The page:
LOS ANGELES (AP) — The Los Angeles Clippers overcame low expectations and a roster without any current or former All-Stars to win 48 games, make the playoffs and push the two-time defending champion Golden State Warriors to six games.
Now they’re ready to go shopping. A blockbuster list of free agents comes on the market this summer.
The Clippers have depth and a cohesive bunch of players who fight to the finish — comeback wins of 31 points in Game 2 against Golden State, 28 points at Boston, 25 points at Detroit and 20 points at Charlotte — and that should help catch the eye of big-name talent.
They went 48-34, extending a franchise record with their eighth consecutive winning season. Their 13-2 mark was the NBA’s best in March.
“We did more than most thought we could,” coach Doc Rivers said. “This is the start of something great here.”
After missing out last year, they returned to the playoffs for the seventh time in eight years. As an eighth seed, they lost in 4-2 in the first round to Golden State, but not before their Game 2 comeback — the biggest in NBA playoff history.
“That’s a beautiful basketball team,” Warriors coach Steve Kerr said. “They’ve got a bright future.”
Some things to watch:
IMPACT ROOKIES: Two of the team’s three rookie guards made a big impact. Shai Gilgeous-Alexander started 73 of 82 games at the point, averaging 10.8 points, 2.8 rebounds and 3.3 assists during the regular season. He scored a Clippers rookie playoff record 25 points against the Warriors. Landry Shamet joined the team in February in a trade from Philadelphia, where he played his first 54 games. He finished fourth all-time in 3-pointers made (167) by a rookie during the season, when he shot 42 percent. Jerome Robinson showed promise while struggling to find minutes in a crowded backcourt, dealing with a nagging foot injury and going back and forth to the G League. The trio’s presence could help make the Clippers an attractive free-agent destination, knowing their youngsters can make plays in big games and have huge upside. “They were complete pros,” Lou Williams said. “They took every challenge that we had for them, on the road, in practice.”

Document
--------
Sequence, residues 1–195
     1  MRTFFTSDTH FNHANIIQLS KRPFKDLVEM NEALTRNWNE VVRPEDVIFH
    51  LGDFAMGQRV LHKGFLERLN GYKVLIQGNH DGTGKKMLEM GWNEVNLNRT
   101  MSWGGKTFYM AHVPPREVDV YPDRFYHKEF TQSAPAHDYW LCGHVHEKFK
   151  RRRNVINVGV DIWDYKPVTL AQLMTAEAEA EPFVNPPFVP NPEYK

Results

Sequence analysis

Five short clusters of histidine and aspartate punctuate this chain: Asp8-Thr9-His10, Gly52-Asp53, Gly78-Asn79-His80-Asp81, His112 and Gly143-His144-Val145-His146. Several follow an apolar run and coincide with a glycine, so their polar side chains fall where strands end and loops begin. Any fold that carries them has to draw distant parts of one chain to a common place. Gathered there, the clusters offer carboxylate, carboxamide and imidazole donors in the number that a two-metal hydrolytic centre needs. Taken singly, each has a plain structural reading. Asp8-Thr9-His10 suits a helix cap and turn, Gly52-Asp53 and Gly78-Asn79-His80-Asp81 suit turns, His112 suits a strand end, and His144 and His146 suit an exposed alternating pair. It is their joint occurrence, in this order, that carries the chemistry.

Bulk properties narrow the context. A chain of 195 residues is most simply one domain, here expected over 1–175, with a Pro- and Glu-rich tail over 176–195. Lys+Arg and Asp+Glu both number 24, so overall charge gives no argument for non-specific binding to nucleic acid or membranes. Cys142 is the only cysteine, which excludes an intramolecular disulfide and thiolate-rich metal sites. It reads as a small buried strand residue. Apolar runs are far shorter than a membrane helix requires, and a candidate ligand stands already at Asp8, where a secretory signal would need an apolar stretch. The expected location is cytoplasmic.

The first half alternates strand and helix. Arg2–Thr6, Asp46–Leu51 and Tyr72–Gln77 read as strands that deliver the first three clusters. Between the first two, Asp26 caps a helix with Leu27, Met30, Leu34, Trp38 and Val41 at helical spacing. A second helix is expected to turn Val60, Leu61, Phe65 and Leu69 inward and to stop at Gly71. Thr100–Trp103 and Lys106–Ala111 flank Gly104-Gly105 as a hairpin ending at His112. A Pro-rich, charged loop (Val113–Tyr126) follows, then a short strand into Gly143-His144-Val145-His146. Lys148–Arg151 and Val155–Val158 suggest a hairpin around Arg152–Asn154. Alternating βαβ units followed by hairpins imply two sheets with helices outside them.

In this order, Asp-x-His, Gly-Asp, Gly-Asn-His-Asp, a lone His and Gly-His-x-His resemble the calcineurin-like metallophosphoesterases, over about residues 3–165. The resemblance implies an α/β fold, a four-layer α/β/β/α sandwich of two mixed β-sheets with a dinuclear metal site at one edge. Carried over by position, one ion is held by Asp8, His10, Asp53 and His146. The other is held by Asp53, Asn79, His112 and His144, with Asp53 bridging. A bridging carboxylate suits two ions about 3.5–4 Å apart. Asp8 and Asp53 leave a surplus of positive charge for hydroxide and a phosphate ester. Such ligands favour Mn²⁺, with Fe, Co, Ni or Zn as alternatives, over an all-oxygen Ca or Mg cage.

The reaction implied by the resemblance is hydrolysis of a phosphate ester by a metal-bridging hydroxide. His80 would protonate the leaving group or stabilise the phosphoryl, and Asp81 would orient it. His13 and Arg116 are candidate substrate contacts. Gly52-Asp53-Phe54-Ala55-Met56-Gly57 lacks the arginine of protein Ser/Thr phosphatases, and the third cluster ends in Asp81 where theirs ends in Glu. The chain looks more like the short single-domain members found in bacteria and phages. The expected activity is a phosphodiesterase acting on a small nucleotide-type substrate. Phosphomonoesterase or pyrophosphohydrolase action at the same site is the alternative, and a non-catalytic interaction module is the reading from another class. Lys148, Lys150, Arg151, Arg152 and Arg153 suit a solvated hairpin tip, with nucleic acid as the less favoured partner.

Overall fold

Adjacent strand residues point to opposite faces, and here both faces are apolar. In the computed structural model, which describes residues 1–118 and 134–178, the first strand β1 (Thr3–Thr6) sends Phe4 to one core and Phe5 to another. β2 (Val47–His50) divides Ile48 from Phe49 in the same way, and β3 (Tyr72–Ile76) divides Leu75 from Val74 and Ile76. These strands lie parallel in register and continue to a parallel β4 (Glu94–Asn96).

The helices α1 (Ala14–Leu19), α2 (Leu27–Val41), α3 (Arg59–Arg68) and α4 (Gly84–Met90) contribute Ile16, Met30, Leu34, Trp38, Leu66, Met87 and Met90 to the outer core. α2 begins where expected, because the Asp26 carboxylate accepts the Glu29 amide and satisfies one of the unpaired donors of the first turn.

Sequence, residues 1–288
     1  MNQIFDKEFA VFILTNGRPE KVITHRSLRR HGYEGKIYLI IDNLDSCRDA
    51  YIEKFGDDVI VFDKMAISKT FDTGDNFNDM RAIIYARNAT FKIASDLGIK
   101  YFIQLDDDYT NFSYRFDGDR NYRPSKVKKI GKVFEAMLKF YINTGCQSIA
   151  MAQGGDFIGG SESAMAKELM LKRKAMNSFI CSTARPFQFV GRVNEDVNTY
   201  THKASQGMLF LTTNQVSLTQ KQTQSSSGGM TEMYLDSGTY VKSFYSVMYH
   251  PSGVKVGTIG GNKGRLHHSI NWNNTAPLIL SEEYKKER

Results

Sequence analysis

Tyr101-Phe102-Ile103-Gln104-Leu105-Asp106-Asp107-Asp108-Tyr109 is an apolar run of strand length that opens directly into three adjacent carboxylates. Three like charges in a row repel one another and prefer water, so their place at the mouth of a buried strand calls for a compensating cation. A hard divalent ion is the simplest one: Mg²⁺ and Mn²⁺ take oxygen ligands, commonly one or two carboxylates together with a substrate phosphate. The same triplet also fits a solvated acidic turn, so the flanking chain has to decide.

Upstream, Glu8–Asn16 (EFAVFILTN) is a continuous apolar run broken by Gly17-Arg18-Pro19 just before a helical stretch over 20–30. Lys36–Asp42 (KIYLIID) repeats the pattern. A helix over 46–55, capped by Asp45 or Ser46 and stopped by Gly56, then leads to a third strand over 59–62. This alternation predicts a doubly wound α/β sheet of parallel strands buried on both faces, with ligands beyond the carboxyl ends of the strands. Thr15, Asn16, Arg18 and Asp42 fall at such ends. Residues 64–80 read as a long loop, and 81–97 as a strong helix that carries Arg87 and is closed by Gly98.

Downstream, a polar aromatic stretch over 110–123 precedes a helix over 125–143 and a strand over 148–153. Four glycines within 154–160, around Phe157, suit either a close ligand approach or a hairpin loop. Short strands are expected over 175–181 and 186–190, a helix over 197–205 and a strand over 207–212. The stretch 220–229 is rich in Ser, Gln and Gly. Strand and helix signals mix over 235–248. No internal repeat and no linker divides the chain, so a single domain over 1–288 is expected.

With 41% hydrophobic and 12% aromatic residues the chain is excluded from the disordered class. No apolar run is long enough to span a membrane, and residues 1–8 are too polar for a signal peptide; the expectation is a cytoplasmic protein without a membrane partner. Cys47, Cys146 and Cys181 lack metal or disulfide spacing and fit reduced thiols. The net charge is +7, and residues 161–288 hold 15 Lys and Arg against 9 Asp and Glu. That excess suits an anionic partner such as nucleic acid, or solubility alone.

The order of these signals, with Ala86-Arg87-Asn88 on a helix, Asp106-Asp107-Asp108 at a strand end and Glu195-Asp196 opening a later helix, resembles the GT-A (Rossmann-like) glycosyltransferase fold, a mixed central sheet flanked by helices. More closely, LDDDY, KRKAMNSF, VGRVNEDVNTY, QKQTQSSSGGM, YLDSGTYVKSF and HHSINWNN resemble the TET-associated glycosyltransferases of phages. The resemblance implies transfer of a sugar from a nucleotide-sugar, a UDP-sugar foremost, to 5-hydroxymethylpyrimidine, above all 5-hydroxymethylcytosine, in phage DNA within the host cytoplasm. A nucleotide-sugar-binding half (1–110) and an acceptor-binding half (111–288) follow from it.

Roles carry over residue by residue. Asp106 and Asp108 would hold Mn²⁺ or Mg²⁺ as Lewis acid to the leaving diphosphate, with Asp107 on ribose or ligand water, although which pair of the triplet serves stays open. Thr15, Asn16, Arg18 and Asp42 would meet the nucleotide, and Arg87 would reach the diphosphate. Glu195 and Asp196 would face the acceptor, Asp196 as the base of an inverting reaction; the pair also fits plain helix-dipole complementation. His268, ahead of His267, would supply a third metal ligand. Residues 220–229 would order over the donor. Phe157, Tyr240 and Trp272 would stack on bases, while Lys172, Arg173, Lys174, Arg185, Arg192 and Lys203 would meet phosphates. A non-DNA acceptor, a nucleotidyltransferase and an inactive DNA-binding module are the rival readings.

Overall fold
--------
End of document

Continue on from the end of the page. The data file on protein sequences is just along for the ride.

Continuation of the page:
GETTING A STEAL: C Ivica Zubac came over from the Lakers in a steal of a deal at the trade deadline in February. The 7-foot-1 center started 12 of 33 games for his new team, averaging 8.5 points and 4.9 rebounds. He had a playoff career-high of 18 points and 15 rebounds against Golden State. Zubac and Montrezl Harrell formed one of the best center combinations in the league. Zubac, a third-year pro, can become a restricted free agent after the season.
OFF THE BENCH: Harrell and Williams, a candidate for his third Sixth Man of the Year award, proved a lethal combo off the bench. They notched the highest combined scoring average of any reserve duo in NBA history at 36.9 points. Williams led the league in bench scoring at 20.1 points (also tops on the team) while becoming the No. 1 bench scorer in league history. Harrell was fourth at 16.8.
FRONT OFFICE: The Clippers have a solid front-office to pursue free agents. President of basketball operations Lawrence Frank presides over general manager Michael Winger, assistant GMs Mark Hughes and Trent Redden, and consultant Jerry West. Winger is so committed to seeing the franchise build a long-term contender that he took himself out of contention for Minnesota’s basketball ops job. Under Frank, the team traded its highest-scoring players each of the last two seasons (Blake Griffin and Tobias Harris) for multiple draft picks and other players while freeing up room under the salary cap to offer maximum deals to free agents this summer. Coach Doc Rivers is locked in for what’s to come, having said in March he’s working out a long-term contract extension.
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